IFR Flight Training Advice

A friend of mine flies a Saratoga and has worked on his Instrument Ticket off and on for a couple of years. Now he has arranged a block of time and would like to go somewhere to get a very solid IFR intensive course. He is based in Seattle and would like to do it somewhere else.

The school we are most familiar with is Flight Safety. We were wondering if any of you have experience with the Flight Safety programs or alternatively would recommend some other school highly.

The school should be a well equipped one with in-house simulators, etc. He is also hoping to get some multi-engine or unusual attitude experience.

Thanks for any help.


In reply to:

He is based in Seattle and would like to do it somewhere else.

Not really my business, but: why go somewhere else? Seattle is the best place to get instrument training.
I got my IFR there in 1999. By the time I finished the training, I had more than 20 hours of “actual” instrument time. That was an invaluable advantage in confidence – and, more important, I believe in skill – when it comes to using an instrument rating in the real world. It’s one thing to fly an ILS down to theoretical minimums with the hood on. It’s something very different to fly in the clouds, with an instructor, until you’re 200 or 300 feet above the runway and then look out and see it there.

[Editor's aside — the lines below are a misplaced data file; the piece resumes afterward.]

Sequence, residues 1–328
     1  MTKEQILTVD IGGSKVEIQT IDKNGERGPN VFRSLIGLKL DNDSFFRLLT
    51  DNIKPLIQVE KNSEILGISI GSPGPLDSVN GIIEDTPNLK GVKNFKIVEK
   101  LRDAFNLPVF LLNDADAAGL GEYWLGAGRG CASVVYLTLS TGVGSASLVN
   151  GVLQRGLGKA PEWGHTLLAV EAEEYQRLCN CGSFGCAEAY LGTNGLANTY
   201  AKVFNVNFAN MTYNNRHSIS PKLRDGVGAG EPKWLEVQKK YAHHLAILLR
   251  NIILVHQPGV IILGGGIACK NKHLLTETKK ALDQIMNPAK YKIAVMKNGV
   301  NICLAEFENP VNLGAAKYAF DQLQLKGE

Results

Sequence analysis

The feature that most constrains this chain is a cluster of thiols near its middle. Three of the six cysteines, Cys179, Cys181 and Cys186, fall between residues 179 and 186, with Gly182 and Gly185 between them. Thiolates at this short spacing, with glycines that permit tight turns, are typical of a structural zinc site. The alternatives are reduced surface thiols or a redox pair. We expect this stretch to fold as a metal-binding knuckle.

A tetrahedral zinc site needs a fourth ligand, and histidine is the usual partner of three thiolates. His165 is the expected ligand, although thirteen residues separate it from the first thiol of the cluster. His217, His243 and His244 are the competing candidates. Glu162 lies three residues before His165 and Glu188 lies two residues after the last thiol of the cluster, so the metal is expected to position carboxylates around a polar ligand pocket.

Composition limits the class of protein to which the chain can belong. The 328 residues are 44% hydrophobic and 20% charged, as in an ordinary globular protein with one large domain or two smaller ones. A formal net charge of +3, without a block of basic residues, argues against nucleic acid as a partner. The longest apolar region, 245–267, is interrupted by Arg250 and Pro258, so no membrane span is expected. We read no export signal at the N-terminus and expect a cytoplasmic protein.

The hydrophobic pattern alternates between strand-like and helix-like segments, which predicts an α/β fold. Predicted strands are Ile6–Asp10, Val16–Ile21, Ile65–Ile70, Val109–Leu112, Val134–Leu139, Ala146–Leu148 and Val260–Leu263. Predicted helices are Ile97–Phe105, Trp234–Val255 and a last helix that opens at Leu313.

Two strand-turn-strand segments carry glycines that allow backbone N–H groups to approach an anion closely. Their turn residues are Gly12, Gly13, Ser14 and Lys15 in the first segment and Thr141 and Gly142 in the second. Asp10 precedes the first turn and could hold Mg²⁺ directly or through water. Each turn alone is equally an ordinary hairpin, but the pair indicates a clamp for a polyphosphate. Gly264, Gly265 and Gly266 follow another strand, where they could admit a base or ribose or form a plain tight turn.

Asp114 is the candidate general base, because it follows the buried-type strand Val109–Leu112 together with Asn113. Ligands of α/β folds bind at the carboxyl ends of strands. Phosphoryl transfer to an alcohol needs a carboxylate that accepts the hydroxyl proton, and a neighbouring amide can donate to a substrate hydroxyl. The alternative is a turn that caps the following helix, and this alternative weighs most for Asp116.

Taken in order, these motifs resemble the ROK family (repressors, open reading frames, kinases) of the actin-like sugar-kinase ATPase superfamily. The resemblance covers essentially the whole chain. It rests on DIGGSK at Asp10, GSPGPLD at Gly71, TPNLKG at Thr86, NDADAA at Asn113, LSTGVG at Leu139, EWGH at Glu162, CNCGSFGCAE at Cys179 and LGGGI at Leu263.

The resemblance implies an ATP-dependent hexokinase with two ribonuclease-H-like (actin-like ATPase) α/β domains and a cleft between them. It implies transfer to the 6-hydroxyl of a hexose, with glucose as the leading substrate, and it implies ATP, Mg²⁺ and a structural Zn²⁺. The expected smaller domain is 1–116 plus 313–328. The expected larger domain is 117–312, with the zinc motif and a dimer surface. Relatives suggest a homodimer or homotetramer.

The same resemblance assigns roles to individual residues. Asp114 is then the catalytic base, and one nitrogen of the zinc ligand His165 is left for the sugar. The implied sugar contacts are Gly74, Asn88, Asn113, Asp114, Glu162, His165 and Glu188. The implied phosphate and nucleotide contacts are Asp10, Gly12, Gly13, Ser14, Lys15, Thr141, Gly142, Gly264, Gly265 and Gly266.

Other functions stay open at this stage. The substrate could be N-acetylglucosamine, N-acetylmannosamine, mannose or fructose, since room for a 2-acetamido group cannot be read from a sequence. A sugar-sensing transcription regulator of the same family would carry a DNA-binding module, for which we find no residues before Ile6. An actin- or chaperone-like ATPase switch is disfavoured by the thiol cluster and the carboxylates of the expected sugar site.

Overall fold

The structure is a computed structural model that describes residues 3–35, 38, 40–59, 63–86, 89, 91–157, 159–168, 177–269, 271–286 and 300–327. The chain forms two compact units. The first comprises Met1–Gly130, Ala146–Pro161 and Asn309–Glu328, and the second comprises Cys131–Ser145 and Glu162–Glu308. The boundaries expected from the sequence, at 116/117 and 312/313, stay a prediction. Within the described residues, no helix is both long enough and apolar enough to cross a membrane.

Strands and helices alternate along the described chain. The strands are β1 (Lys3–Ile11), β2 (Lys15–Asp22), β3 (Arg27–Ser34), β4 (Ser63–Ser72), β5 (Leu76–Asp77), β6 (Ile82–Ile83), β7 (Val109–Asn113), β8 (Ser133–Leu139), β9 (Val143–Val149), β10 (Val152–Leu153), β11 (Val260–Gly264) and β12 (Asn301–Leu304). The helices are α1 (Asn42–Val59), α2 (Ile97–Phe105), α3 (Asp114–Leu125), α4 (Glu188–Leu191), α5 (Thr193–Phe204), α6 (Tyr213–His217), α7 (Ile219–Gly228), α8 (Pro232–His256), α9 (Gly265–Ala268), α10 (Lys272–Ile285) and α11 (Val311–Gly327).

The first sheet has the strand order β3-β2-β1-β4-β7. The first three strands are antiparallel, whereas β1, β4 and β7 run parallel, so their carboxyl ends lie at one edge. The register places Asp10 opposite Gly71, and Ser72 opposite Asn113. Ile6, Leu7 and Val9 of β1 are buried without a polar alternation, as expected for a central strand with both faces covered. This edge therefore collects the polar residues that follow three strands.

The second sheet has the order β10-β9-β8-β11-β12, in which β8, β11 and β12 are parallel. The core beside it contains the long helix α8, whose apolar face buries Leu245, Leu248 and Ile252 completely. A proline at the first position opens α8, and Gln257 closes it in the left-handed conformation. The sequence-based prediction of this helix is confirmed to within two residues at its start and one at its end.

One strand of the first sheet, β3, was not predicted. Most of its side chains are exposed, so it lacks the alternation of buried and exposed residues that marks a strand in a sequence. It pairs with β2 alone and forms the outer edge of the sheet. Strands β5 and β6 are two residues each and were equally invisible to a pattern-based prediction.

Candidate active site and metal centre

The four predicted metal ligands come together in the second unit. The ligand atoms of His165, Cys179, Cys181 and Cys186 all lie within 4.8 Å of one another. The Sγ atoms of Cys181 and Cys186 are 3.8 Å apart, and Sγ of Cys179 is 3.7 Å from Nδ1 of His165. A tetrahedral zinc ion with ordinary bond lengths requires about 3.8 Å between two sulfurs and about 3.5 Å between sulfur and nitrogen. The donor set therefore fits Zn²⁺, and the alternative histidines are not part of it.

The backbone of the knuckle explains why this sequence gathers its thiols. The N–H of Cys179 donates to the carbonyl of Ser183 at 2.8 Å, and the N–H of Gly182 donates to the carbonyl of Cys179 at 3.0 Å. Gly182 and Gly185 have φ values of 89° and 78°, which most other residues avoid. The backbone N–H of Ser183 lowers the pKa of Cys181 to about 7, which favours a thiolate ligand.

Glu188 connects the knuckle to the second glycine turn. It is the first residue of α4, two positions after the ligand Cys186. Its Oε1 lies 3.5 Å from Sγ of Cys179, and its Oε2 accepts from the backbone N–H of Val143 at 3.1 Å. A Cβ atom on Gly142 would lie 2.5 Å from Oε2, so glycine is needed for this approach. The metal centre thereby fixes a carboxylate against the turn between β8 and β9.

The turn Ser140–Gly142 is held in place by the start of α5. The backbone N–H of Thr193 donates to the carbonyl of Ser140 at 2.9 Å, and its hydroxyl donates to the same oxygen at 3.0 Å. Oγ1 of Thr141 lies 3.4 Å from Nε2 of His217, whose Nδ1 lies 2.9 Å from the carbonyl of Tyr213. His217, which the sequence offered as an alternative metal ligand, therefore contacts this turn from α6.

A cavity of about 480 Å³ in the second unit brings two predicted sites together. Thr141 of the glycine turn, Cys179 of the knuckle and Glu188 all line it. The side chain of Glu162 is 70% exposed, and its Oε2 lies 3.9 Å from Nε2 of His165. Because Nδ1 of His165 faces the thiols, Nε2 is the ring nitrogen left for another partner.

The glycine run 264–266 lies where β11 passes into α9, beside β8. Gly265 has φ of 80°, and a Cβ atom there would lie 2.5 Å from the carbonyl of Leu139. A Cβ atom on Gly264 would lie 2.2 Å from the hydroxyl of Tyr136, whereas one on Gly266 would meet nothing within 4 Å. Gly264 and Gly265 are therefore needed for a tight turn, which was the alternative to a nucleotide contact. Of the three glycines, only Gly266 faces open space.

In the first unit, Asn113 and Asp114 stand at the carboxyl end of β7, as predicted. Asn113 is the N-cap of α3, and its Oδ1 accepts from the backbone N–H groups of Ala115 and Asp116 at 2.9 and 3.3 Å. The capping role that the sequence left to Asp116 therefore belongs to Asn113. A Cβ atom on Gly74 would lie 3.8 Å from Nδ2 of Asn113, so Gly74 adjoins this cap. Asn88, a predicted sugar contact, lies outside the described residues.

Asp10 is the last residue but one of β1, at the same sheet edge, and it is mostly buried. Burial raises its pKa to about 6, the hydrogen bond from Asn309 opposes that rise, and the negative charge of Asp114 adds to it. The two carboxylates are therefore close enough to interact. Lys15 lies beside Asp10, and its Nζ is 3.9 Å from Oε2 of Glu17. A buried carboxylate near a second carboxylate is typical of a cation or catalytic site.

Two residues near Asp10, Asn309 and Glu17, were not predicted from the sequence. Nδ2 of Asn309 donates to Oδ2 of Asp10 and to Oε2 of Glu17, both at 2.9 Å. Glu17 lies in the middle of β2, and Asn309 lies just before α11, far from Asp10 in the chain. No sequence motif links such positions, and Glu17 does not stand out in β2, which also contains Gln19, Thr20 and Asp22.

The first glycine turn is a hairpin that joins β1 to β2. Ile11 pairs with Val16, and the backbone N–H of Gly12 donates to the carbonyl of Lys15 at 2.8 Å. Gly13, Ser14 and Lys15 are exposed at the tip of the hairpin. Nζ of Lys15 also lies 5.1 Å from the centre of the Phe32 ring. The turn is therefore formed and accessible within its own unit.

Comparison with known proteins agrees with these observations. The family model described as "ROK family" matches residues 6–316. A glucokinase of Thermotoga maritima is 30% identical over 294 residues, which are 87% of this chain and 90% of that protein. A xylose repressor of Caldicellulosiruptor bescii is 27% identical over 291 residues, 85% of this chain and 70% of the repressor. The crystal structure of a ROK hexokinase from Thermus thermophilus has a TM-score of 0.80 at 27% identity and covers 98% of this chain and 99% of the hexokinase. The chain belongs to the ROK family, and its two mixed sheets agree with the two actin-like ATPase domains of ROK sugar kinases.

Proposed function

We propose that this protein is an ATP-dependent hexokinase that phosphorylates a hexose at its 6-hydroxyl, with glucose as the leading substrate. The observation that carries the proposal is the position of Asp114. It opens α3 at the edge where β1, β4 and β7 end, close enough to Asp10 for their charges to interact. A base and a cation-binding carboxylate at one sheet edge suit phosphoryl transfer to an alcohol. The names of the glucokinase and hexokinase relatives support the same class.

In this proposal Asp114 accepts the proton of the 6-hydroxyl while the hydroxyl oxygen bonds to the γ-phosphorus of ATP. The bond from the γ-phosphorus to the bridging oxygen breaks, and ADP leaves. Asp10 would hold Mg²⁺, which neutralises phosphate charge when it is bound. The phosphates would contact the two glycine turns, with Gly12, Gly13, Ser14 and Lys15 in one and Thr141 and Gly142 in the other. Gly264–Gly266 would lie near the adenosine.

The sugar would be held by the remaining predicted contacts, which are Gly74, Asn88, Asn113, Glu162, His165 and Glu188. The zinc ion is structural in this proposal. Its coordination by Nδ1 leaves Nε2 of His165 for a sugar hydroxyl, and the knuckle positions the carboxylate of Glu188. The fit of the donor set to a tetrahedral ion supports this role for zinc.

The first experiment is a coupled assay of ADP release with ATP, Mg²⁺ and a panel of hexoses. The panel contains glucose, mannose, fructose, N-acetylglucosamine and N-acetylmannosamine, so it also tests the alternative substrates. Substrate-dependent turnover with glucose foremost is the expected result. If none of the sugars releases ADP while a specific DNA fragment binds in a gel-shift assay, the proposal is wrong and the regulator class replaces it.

In much of the rest of the country, it’s not that easy to get a large amount of safe “actual” IMC time. In the midwest and on the east coast, “actual” time in the summer often involves thunderstorms, and actual time in the winter often involves icing. On the west coast, there’s not that much actual time to be had, except (a) marine-layer fog along the Calif coast, or (b) smog/haze in the LA Basin.

In Seattle, the typical weather is “safe” IMC – a low but non-turbulent cloud layer. In the winter icing can be a factor, but if you stay on the low, western side of the Cascades the clouds are usually low enhough to let you go “actual” without getting iced. There are airports all over the place – plus Boeing Field, the biggest and most convenient GA airport in any big city. For normal living conditions, Seattle’s weather is a bug rather than a feature – but for IFR training it’s ideal. Why go anywhere else?

Tom, I went to Flight Safety in Wichita every other year (I alternated with Recurrent Training in Champaign, IL) for recurrent training in my Duke. It was absolutely first rate training but was airplane specific (that’s why I went). For IFR training I agree with the others. Stay in Seattle, get a really good instruuctor who flies IFR lots and fly in the clouds. Nothing teaches IFR like flying real IFR.


Having completed the Cirrus IFR program at Wings Aloft at BFI, I had exactly the conditions Jim described. Great workout.

Since then, I’ve enjoyed flying IFR on 4 across-the-US trips. Getting concentrated training in actual conditions before making these trips with occasional IMC made me realize how valuable the training conditions were. Pheww!!

By the way, your question reminds me of advice I got as a PhD candidate – get your ticket punched quickly and then worry about doing you best work later!

As Woor used to say, “Have a great Cirrus day!”